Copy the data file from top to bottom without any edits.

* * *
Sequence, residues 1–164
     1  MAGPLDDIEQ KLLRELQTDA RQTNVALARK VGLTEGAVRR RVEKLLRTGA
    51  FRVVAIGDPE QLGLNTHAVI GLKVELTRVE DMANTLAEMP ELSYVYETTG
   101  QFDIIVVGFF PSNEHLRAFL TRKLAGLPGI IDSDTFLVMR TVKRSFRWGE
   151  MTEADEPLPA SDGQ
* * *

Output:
Sequence, residues 1–164
     1  MAGPLDDIEQ KLLRELQTDA RQTNVALARK VGLTEGAVRR RVEKLLRTGA
    51  FRVVAIGDPE QLGLNTHAVI GLKVELTRVE DMANTLAEMP ELSYVYETTG
   101  QFDIIVVGFF PSNEHLRAFL TRKLAGLPGI IDSDTFLVMR TVKRSFRWGE
   151  MTEADEPLPA SDGQ